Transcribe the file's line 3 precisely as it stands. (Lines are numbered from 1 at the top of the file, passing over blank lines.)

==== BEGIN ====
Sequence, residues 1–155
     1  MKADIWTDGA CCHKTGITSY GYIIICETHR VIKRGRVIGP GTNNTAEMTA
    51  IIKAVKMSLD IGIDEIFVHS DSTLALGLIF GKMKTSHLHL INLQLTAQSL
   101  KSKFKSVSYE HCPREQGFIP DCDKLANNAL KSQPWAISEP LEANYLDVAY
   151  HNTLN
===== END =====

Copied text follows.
    51  IIKAVKMSLD IGIDEIFVHS DSTLALGLIF GKMKTSHLHL INLQLTAQSL